Paul Cullen (bishop) bigraphy, stories - Irish Catholic cardinal

Paul Cullen (bishop) : biography

29 April 1803 - 24 October 1878

Paul Cullen was a Roman Catholic Archbishop of Dublin who became the first Irish cardinal, but is more controversially remembered for his Ultramontanism which spearheaded the Romanisation of the Catholic Church in Ireland.

A trained biblical theologian and scholar of ancient languages, Cullen is best known for his crafting of the formula for papal infallibility at the First Vatican Council. Depending on one's view, Cullen is largely credited with, or blamed for, ushering in the devotional revolution experienced in Ireland through the second half of the 19th century and much of the 20th century.


Early years

Cullen was born at Prospect, Narraghmore, County Kildare. His first school was the Quaker Shackleton School in nearby Ballitore. He was one of 16 children. Following the relaxation of some of the Penal Laws, his father, Hugh Cullen, had purchased some , giving him the status of a "strong" Catholic farmer,"The term 'strong' Catholic does not have a specific definition" Catholic Answers to Explain and Defend the Faith a class that greatly influenced 19th-century Irish society. They were fervent in their Catholicism and fearful of the sort of social unrest which had led to the failed 1798 Rising.

Cullen entered St. Patrick's, Carlow College, in 1816, and in 1820 proceeded to the Pontifical Urban College in Rome where his name is registered on the roll of students as of 29 November 1820. At the close of a distinguished course of studies, he was selected to hold a public disputation in the halls of propaganda on 11 September 1828, in 224 theses from all theology and ecclesiastical history. The Catholic Encyclopedia (1914)

This theological tournament was privileged in many ways, for Pope Leo XII, attended by his court, presided on the occasion, while no fewer than ten cardinals assisted at it, together with all the élite of ecclesiastical Rome. Vincenzo Pecci, the future Pope Leo XIII, was present at the disputation. During his studies, Cullen acquired knowledge of classical and Oriental languages. He was later appointed to the chairs of Hebrew and Sacred Scripture in the schools of propaganda, and receiving at the same time the charge of the famed printing establishment of the Congregation of Propaganda Fidei. This later charge he resigned in 1832, when appointed Rector of the Irish College in Rome, but during the short term of his administration he published a standard edition of the Greek and Latin Lexicon of Benjamin Hedericus, which still holds its place in the Italian colleges; he also edited the Acts of the congregation in seven quarto volumes, as well as other important works.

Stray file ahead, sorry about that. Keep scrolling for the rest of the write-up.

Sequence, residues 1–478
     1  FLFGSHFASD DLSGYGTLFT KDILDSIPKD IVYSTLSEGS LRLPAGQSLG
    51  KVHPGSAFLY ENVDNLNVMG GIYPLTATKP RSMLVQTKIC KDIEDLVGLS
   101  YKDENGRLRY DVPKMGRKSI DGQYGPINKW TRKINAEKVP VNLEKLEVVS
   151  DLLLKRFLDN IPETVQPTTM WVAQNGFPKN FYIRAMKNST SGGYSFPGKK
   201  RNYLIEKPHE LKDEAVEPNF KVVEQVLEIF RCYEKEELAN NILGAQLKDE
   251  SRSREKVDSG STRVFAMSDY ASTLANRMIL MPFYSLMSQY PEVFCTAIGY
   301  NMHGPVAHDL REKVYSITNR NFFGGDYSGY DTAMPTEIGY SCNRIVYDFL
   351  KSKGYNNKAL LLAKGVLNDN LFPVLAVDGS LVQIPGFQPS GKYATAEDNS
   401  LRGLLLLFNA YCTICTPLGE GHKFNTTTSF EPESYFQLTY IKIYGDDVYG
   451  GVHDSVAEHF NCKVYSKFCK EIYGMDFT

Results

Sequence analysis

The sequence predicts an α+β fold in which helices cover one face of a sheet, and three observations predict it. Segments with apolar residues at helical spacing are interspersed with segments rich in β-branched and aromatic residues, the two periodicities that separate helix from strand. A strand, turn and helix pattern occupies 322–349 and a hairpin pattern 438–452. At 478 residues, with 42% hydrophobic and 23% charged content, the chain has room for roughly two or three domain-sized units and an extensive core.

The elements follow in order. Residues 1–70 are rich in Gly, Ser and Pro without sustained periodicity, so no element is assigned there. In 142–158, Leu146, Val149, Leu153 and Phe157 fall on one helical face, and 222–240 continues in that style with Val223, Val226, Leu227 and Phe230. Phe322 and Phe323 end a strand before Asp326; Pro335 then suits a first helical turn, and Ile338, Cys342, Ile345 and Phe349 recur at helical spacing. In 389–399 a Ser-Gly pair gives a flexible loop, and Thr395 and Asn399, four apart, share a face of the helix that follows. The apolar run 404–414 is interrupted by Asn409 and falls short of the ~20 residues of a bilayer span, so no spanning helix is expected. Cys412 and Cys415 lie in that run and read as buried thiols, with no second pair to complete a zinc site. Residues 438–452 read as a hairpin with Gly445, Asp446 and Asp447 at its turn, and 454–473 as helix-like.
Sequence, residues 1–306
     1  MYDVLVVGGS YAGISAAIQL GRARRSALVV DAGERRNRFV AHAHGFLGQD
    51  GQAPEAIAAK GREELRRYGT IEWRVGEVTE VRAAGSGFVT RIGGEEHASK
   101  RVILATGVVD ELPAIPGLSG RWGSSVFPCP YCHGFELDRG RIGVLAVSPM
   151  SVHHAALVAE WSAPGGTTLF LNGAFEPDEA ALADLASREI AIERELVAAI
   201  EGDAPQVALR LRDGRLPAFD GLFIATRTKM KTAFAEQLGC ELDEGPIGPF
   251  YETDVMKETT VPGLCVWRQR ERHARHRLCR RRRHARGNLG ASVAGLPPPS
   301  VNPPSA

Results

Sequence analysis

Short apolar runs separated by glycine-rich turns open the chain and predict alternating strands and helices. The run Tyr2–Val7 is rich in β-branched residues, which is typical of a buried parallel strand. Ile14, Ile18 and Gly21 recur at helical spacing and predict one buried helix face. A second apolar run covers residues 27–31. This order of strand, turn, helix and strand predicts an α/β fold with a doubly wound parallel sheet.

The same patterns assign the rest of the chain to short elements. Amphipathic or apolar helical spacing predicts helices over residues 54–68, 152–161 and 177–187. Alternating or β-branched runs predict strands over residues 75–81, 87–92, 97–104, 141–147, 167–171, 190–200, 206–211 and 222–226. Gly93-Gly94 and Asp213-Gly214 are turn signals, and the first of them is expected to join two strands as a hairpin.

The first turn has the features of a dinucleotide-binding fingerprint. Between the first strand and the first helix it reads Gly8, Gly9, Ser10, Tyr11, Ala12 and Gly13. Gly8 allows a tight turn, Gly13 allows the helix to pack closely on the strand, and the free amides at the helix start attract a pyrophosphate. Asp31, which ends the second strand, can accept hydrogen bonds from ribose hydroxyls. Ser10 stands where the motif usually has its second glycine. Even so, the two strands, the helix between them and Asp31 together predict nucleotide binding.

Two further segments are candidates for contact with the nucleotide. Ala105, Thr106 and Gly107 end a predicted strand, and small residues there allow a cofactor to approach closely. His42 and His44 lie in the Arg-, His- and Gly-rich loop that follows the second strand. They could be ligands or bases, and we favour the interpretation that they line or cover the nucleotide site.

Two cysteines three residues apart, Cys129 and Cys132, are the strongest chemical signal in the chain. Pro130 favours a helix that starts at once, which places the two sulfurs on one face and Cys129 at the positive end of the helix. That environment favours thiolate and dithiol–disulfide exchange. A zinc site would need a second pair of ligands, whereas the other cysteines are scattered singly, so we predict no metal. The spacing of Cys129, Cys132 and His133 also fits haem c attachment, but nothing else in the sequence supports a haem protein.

Rector of the Irish College

In late 1831, Cullen was appointed rector of a fledgling and struggling Irish College. He successfully secured the future of the college by increasing the student population and thereby strengthening the finances of the college. He astutely fostered relationships with the Irish hierarchy, on whom he relied for students, often becoming their official Roman agent. This role yielded income and influence and was to remain a key function of future rectors. He endeavoured to chart a middle ground between conflicting parties of Irish bishops but usually found himself in agreement with Archbishop McHale of Tuam (as opposed to Archbishop Murray of Dublin) on the divisive issues of education and charitable bequests. He was active in his opposition to the establishment of the secular Queen's Colleges. This early alliance with McHale was however to be short-lived and the two men were to frequently clash swords over the forthcoming decades.

While rector of the Irish College (1832–1850), Cullen was admitted to the intimate friendship of Gregory XVI and Pius IX. He profited by the influence which he thus enjoyed to safeguard the interests of the Irish Church and to counteract the intrigues of the UK diplomatic staff who at this period were lobbying the Vatican for support in European affairs.

During the revolution that marked the demise of the Papal States and the beginning of the Roman Republic, he accepted the position of rector of the College of Propaganda while retaining charge of the Irish College. Soon after his appointment the Revolutionary Trimuvirate issued orders that the College of Propaganda was to be dissolved and the buildings appropriated. The rector appealed to Lewis Cass, a United States politician, for the protection of the citizens of the United States who were students of the college. Within an hour, the American flag was floating over the Propaganda College. A decree was issued to the effect that the Propaganda should be retained.

Living octopus

Living octopus

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